Poor parenting, inadequate parental supervision, discipline that is not consistent, and parental mental health status, stress or substance abuse all contribute to early-onset conduct problems; the resulting costs to society are high. Negative parenting practices and negative child behavior contribute to one another in a “coercive cycle”, in which one person begins by using a negative behavior to control the other person’s behavior. That person in turn responds with a negative behavior, and the negative exchange escalates until one person’s negative behavior “wins” the battle.:161 For example, if a child throws a temper tantrum to avoid doing a chore, the parent may respond by yelling that the child must do it, to which the child responds by tantruming even louder, at which point the parent may give in to the child to avoid further disruption. The child’s tantrums are thereby reinforced; by throwing a tantrum, s/he has achieved the end goal of getting out of the chore. PMT seeks to break patterns that reinforce negative behavior by instead teaching parents to reinforce positive behaviors.
The content of PMT, as well as the sequencing of skills within the training, varies according to the approach being used. In most PMT, parents are taught to define and record observations of their child’s behavior, both positive and negative. This monitoring procedure provides useful information for the parents and therapist to set specific goals for treatment, and to measure the child’s progress over time.:216:166 Parents learn to give specific, concise instructions using eye contact while speaking in a calm manner.:167
Parental Conflict Alienates, Hurts and Changes Children of Divorce Long-Term
Here are some typical comments to avoid when talking to your children about their other parent:
• Do you hear yourself saying: “Sounds like you picked that up from your Dad/Mom.”
• Do you make a negative retort about their behavior and end it with “just like your father/mother.”
• Do you frequently compare your ex with other divorced parents you know, making sure the kids get the negative judgment?
• Do you counter every positive comment your child makes about your ex with, “Yeah, but …” and finish it with a downer?
• Do you make your children feel guilty for having had fun visiting the other parent or liking something in their home?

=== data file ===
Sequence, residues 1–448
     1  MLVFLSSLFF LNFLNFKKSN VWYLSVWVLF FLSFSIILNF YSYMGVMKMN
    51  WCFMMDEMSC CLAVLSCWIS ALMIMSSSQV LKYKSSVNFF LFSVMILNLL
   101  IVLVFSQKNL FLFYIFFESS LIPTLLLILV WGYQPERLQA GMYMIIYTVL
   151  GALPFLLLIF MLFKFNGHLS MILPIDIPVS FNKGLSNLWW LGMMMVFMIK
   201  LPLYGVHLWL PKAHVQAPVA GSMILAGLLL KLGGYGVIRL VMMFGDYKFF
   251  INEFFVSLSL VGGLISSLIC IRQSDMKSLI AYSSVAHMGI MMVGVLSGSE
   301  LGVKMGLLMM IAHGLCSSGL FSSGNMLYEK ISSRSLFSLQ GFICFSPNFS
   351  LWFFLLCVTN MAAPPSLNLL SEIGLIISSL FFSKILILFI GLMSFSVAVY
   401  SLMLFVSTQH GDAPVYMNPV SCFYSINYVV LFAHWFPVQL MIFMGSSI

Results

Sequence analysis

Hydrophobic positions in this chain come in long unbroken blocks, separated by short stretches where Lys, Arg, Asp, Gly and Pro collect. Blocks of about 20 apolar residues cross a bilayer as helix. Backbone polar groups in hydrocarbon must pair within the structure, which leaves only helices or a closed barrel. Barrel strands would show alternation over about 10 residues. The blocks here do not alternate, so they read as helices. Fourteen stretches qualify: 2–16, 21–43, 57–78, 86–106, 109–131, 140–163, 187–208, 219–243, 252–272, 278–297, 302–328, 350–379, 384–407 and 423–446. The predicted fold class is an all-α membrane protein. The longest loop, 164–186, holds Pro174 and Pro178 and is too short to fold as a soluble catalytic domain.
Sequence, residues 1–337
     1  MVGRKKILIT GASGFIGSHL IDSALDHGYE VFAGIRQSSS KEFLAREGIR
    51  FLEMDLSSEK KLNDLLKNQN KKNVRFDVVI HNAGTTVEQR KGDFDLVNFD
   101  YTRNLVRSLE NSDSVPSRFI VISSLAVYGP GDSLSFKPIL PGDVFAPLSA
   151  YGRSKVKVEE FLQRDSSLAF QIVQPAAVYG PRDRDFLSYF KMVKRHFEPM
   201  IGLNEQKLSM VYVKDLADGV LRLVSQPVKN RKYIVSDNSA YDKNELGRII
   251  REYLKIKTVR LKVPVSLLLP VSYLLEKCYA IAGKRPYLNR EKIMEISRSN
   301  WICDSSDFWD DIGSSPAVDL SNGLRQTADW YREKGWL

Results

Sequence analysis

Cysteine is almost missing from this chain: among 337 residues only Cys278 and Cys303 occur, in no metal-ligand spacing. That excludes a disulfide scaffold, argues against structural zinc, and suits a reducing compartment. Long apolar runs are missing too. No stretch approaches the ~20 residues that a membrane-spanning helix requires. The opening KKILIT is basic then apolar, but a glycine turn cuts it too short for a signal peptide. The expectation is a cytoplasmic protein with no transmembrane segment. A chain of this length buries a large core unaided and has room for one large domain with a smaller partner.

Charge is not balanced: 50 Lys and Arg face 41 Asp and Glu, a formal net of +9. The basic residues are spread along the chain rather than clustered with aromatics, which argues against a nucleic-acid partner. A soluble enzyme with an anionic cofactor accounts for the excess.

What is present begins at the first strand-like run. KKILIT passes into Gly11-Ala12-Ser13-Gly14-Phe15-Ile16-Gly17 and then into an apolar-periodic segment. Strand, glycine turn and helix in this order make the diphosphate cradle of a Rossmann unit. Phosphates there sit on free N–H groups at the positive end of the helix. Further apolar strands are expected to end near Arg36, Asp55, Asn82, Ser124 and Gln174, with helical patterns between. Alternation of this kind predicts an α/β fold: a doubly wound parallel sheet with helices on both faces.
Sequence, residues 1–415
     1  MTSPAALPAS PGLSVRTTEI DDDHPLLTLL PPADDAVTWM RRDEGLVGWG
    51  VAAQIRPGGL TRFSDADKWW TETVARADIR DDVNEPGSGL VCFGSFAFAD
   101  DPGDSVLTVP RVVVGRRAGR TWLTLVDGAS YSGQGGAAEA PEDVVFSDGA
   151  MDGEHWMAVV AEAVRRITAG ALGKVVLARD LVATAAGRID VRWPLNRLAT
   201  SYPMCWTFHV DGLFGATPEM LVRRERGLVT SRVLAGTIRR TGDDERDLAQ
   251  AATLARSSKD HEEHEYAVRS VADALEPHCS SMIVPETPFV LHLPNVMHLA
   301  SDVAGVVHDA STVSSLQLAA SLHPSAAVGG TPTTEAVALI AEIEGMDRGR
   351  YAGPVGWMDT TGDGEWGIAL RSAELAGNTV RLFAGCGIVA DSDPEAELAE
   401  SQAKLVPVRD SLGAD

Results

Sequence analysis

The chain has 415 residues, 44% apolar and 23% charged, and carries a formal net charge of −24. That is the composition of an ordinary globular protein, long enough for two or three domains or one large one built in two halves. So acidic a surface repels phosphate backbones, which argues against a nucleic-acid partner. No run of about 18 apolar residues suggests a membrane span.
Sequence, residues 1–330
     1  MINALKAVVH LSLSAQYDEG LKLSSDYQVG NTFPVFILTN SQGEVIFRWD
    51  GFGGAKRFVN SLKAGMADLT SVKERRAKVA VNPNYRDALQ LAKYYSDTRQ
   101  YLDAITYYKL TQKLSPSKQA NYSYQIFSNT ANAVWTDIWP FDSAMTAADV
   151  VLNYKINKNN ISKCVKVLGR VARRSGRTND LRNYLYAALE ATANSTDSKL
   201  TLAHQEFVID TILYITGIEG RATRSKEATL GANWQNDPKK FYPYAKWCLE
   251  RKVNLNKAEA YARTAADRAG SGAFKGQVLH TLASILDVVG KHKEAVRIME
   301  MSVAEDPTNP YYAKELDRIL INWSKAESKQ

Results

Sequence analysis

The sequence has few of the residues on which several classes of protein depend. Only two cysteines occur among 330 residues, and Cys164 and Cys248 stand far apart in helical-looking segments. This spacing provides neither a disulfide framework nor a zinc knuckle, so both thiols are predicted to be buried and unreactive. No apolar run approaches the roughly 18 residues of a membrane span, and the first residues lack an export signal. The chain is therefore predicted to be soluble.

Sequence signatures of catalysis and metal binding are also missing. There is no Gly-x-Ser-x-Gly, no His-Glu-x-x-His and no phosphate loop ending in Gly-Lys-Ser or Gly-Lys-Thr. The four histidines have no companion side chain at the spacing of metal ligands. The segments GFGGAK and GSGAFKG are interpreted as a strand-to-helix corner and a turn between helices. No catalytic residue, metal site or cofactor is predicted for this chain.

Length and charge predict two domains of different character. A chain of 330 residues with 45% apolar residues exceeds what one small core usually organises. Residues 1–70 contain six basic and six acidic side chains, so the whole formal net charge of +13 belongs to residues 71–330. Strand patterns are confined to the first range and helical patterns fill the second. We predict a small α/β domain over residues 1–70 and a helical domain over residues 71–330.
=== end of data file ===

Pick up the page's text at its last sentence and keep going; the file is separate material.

• Do you throw around biting statements like “If Mom/Dad really loved you …”
• Do you try to frighten or intimidate your kids during a disagreement by saying “If you don’t like it here, then go live with your Mom/Dad?
Continue reading “Parental Conflict Alienates”
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Psychopathology and theconceptualisation of mental disorder:The debate around the inclusion of Parental Alienation in DSM-5
Content and Focus:
This paper will briefly consider the general conceptualisation of mental disorder before focusing on the specific case of Parental Alienation (PA), variously termed a disorder or a syndrome.By virtue of the recent debate surrounding its potential inclusion in the newest edition of the Diagnostic and Statistical Manual of Mental Disorders (DSM-5), this is a topical example. A critical analysis of the petition for its inclusion within DSM-5 will both highlight the range of professionals’ views, and also consider ethical and practical issues inherent in the conceptualisation of a mental disorder and its classification within the evolving DSM. Following this general and specific conceptualisation of mental disorder, the tensions that diagnosis raises for counselling psychology will be briefly deliberated. The positive aspects of classification and diagnosis will be acknowledged, whilst highlighting the focus on the subjective experience of individual clients.
Despite the controversy about the concept, validity and reliability of PA, the evidence suggests that there is more agreement than disagreement among practitioners and professionals in the field. Whilst there is a general consensus that alienation exists within a distinct population who would benefit from intervention, there is no consensus on its inclusion in DSM-5. Irrespective of its inclusion in any nosology,the recent debate has highlighted the need for further research. A greater understanding of the processes,symptoms and behaviours involved in PA will enable the needs of children and families involved in high- conflict separation to be better addressed.